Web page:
As the growth continues to come into Grayson County from the south and the local populations grown, so does the population at the Grayson County Jail.


Grayson County Chief Deputy Tony Bennie told commissioners Tuesday that population is still being contained at the Grayson County Jail but he can’t guarantee how long that will last. He asked for and received commissioners approval to house Grayson County inmates at the Titus County Jail for $50 per day per inmate.


While local officials are working together to make sure that they keeping the jail population down as low as possible, they also have to ready in case they need some place to house inmates quickly.


The county has 391 beds at the jail in downtown Sherman and 96 beds at the Low Risk Detention Center at Perrin Field. With 487 beds total, Bennie said the county is averaging around 430 inmates a week.


“Where we run into issues with housing is in the classification of inmates,” Bennie said. “Inmates are classified as low, medium, or higher risk offenders. We cannot house low risk offenders; therefore, we may have open beds that we cannot fill.”


Females pose another problem. They have to be housed out of sight and sound of the men who are incarcerated.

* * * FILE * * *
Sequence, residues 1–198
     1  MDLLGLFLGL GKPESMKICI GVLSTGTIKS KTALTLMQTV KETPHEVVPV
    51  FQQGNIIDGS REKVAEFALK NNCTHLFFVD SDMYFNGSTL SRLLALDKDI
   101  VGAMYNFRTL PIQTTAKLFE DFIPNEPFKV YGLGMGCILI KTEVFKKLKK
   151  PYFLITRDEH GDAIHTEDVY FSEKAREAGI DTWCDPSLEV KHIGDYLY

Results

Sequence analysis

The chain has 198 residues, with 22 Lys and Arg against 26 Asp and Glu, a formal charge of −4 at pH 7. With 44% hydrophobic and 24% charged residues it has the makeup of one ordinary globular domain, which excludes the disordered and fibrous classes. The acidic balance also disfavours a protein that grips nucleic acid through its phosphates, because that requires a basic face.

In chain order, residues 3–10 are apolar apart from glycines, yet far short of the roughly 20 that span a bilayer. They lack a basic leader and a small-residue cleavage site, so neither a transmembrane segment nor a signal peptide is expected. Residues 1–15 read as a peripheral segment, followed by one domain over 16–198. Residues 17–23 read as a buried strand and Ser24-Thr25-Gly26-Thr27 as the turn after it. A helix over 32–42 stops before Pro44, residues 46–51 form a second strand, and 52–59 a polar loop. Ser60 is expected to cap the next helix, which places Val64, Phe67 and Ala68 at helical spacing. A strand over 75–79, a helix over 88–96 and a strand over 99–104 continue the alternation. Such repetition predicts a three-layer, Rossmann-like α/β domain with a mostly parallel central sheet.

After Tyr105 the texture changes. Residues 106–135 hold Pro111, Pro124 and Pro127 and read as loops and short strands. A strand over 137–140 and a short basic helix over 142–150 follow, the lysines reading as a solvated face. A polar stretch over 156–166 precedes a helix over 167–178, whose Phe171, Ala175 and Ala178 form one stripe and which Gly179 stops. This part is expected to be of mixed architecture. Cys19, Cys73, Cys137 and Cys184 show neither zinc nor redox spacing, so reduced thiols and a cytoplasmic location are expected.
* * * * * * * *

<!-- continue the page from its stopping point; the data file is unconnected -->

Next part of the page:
“If our female population is too high,” Bennie said. “We have to shut down a male pod to accommodate the excess females, leaving us short on male beds.”


Then they have to consider inmates who need to be housed in the male jail or in isolation due to a medical condition, he said. So, the situation is more complicated than just making sure you don’t have more inmates than beds.


Commissioners also approved a contract with Lubbock County for the Regional Public Defender program for capital cases. In 2019, Grayson County has $931,589 set aside for indigent defense. The county is liable to get about $91,000 from the state for indigent defense and the program with Lubbock County would cost the county about $66,538.


Grayson County Judge Bill Magers said having an outside team defend those indigent cases where capital murder is charged rather than paying local attorneys to do so makes sense for the county and the defendant. The defendant gets an attorney with more experience working capital cases and the county saves money on the defense.